TV wildlife video photographer using Canon lenses on a Nikon body?

Started Jan 23, 2014 | Discussions thread
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Chris R-UK Forum Pro • Posts: 18,129
TV wildlife video photographer using Canon lenses on a Nikon body?

BBC TV in the UK is currently running one of its major annual wildlife series - Winterwatch.  This is a mixture of live and recorded footage controlled (in this series) out of a few huts in a National Park in the Scottish Highlands.  It has a very large on site crew (50-100 people).

Unlike other wildlife series you often get to see what camera gear is being used, normally very large professional video cameras on big, heavy video tripods.  The cameramen sometimes act as presenters as well.

One of the cameramen/presenters who was searching for golden eagles on bleak Scottish mountainsides was using a DSLR with a Nikon D800 neck strap on it and a big long white prime lens, possibly a 400mm f2.8 or 500mm f4.  He was shooting video only and had a magnifying loupe over the LCD for manual focusing.  I assume that he was using a DSLR simply for reduced carrying weight.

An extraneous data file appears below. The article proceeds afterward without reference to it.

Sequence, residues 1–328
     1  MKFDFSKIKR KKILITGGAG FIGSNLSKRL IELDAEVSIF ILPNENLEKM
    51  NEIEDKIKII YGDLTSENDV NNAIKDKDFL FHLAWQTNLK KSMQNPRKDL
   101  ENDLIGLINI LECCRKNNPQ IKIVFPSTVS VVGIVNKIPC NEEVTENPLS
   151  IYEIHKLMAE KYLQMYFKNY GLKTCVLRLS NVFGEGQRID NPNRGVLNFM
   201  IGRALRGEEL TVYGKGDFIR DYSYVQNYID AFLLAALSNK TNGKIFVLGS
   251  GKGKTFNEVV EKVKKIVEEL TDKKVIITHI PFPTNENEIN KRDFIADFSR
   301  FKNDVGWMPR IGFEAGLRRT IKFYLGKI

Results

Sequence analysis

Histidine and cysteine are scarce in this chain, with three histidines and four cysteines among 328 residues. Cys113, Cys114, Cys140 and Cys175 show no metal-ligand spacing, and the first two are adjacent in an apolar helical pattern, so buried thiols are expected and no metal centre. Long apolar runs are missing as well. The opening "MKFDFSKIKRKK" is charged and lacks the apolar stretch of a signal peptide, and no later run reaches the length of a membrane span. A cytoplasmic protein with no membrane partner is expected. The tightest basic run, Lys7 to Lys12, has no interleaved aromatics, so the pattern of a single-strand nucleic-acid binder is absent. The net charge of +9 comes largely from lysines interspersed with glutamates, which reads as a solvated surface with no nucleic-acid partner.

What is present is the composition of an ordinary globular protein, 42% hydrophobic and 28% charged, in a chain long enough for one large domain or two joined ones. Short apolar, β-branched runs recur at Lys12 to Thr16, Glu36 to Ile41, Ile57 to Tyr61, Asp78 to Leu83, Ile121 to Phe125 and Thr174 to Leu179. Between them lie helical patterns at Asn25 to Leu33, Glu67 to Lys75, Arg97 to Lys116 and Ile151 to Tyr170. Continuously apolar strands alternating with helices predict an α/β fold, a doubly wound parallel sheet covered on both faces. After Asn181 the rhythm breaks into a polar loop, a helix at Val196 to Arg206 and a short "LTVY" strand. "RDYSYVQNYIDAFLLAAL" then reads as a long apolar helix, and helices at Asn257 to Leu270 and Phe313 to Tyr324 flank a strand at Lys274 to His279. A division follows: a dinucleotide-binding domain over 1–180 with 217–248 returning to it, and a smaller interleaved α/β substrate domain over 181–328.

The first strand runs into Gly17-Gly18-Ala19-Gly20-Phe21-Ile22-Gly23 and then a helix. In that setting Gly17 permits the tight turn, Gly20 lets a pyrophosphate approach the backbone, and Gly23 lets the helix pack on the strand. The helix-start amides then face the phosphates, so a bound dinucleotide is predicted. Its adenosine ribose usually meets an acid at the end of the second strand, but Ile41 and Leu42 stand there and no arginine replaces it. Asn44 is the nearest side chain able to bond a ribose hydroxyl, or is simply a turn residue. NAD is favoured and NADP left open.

The really intriguing thing was the use of a white lens, presumably Canon, on a Nikon D800.  There was certainly some kind of adapter and possibly a TC.  (It just possible that the body was actually a Canon with a Nikon neck strap hanging from it.)

Some questions:

  • Is is possible to mount Canon EF or FD lenses on a Nikon body?
  • Can anybody think of any reason why a professional photographer would use a Canon lens on a Nikon body for video when there are plenty of Nikon alternatives available.  It can't be cost because this is a very expensive series to shoot with lots of high tech gear.
  • Putting the question the other way round, is there any reason for using a D800 for video instead of, say, a Canon 5D MkIII?
  • Apart from weight, is there any other good reason for using a DSLR instead of a professional camcorder for this type of video.  I can't imagine that short DoF was that important when shooting eagles at very long distances.

This is the first time that I have seen a DSLR used for video in this kind of wildlife series.  A Canon DSLR with a short prime lens was used in another sequence in the show, hand held for a close up of a squirrel taking nuts inside a barber's shop.  I think in that case it was used simply for size since the room was pretty small and already contained the main camera and sound crew, the barber, a customer plus the squirrel.

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Chris R

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